Geographic data on arrests so far could provide clues into where trouble might flare next. A study by the Chicago Project on Security and Threats found that over half of the Capitol rioters who converged from 42 states came from counties that President Joe Biden won. This smashes the common assumption that the Trump fans who resort to violence would mainly hail from his strongholds. In fact, more came from cities and suburbs where they were in the political minority, and thus probably felt marginalized. The largest numbers came from Florida, Pennsylvania, Texas, New York, and California—all places with racial diversity.
These numbers coincide with geographic trends in hate crimes and racist violence examined by Arie Perliger, the director of Security Studies at the University of Massachusetts, Lowell. The same blue states crop up in attacks on minorities or synagogues. Perliger says most incidents before Jan. 6 occurred not in the deep red South but in rural and suburban areas of blue states that have the highest levels of diversity. New York, Pennsylvania, Illinois, California, and even Massachusetts. Spot the pattern here?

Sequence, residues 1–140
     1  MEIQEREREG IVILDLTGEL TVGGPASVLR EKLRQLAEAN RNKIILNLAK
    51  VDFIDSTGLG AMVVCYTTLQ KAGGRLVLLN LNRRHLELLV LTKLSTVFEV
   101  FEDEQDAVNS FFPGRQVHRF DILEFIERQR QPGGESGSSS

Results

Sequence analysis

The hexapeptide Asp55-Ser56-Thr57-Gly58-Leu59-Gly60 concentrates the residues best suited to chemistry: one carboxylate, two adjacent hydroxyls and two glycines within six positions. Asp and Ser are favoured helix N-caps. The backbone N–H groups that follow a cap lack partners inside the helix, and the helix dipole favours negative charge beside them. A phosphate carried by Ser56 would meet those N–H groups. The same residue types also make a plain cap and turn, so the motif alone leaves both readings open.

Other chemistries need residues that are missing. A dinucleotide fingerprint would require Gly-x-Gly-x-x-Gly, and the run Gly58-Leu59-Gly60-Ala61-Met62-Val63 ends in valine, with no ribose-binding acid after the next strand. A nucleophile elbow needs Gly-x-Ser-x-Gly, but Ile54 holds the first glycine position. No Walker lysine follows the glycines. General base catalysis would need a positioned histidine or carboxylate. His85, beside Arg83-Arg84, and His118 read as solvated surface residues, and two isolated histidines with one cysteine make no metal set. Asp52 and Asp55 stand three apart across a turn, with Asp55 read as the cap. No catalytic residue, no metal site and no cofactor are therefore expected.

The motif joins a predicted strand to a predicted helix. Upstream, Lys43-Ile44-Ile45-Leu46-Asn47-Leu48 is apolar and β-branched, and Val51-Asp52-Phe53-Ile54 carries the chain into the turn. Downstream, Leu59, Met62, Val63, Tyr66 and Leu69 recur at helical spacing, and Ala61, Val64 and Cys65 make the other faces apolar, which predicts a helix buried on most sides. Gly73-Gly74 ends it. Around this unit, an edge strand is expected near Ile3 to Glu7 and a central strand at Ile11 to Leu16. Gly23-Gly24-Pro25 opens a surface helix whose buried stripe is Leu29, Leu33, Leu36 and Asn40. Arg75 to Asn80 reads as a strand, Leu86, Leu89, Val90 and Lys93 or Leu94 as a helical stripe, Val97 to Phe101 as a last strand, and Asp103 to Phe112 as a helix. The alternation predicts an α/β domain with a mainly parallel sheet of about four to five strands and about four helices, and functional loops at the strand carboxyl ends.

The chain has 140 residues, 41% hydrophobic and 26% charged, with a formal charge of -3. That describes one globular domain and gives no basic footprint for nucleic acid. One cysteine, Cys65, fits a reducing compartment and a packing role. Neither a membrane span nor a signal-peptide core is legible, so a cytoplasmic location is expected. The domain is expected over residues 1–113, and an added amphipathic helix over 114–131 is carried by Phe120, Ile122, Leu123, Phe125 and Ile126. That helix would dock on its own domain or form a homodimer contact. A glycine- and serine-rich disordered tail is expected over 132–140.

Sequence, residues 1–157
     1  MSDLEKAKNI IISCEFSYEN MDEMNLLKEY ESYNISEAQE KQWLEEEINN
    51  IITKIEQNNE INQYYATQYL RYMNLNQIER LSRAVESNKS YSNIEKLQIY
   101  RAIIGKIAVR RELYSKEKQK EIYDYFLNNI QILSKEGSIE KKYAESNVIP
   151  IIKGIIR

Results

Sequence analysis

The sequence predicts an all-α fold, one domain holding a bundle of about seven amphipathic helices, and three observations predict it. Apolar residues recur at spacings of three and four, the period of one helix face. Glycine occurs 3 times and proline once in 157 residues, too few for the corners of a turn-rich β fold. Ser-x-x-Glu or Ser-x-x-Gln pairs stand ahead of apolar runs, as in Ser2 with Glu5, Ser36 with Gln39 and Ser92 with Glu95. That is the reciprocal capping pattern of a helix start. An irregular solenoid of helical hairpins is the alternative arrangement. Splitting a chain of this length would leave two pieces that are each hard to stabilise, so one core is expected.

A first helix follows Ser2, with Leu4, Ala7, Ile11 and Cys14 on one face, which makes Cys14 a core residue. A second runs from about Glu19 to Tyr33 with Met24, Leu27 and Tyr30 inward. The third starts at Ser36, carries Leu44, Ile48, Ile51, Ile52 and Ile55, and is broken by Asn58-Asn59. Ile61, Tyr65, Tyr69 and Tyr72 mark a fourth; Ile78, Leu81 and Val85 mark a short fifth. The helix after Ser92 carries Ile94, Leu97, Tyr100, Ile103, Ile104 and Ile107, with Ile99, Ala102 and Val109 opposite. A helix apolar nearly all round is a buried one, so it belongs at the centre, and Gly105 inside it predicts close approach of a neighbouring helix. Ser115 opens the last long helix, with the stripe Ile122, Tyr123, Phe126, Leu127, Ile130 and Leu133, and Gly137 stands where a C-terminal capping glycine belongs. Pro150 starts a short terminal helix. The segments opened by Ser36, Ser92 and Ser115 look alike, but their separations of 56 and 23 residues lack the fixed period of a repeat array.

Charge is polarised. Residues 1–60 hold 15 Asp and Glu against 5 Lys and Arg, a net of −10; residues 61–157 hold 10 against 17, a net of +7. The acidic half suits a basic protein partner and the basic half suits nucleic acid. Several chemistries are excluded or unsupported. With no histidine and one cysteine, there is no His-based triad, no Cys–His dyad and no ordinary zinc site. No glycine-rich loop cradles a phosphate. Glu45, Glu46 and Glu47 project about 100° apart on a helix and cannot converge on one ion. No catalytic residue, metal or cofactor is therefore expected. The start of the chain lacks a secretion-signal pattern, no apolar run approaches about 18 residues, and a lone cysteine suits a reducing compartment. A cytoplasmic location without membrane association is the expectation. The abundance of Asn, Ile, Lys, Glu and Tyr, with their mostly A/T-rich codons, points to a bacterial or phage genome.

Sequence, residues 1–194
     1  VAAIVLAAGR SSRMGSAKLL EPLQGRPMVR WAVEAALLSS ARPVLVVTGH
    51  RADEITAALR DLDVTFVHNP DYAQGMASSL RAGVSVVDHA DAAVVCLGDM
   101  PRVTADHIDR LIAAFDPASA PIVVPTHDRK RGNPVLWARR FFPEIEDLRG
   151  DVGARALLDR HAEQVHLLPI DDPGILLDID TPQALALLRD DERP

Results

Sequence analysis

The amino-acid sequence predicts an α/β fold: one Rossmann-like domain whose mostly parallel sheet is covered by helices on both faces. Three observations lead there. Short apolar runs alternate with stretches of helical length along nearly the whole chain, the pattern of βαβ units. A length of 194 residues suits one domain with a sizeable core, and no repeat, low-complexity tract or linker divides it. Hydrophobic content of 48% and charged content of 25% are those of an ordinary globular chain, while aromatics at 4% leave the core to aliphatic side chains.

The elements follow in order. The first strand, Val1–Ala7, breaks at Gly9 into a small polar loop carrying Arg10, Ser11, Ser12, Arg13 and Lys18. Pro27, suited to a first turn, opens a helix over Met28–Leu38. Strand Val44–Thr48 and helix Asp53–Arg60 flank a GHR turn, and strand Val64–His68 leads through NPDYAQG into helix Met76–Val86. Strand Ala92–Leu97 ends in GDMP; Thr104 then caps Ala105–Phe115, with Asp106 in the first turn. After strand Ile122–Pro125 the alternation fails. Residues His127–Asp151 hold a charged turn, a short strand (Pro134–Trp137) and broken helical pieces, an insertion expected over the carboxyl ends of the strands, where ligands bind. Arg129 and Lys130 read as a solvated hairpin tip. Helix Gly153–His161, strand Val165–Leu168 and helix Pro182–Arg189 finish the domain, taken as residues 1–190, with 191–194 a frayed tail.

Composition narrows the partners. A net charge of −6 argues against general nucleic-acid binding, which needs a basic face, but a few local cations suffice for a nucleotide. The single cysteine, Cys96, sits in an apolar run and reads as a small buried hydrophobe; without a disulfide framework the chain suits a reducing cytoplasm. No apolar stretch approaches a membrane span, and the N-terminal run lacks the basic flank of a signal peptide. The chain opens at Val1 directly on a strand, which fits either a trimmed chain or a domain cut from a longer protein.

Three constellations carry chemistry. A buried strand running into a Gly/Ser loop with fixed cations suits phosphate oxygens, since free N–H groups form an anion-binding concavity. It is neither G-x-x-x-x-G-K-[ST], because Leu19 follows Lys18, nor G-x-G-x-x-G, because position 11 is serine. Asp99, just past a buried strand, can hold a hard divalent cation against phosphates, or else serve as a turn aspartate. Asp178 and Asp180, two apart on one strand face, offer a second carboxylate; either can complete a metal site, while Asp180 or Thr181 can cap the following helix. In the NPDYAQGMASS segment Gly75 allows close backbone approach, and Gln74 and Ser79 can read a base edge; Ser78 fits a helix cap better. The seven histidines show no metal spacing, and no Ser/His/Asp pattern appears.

Of the more than 650 violent incidents between 1990 and 2017, Tennessee suffered just 80. California had more than 900 incidents and Illinois over 200.
“In these kinds of states, the polarization and animosity are more toxic,” explains Perliger. In Alabama there is little divide; it’s overwhelmingly conservative. But New York state poses more toxic potential due to the split between the blueish New York City and the reddish upstate.
Anxiety about the economy also fuels xenophobia against growing Hispanic and Asian populations, which are viewed as competition in the labor market, he notes,
Here’s what we need to look out for: states like Georgia that tipped blue, where there is change, demographically and politically. Is there a particular issue that makes right-wingers feel under siege? Is there a charismatic rabble rouser? Study where violent incidents occurred pre-Jan. 6. Last year, Trump supporters stormed state capitols in Oregon and Michigan. In response to lockdowns and restrictions, armed protests flared in Ohio, Kentucky, California, Arizona, and Virginia. These could be hot spots in the months ahead.
Judith Matloff teaches conflict reporting at Columbia’s Graduate School of Journalism. Her latest book is How to Drag a Body and Other Safety Tips You Hope to Never Need.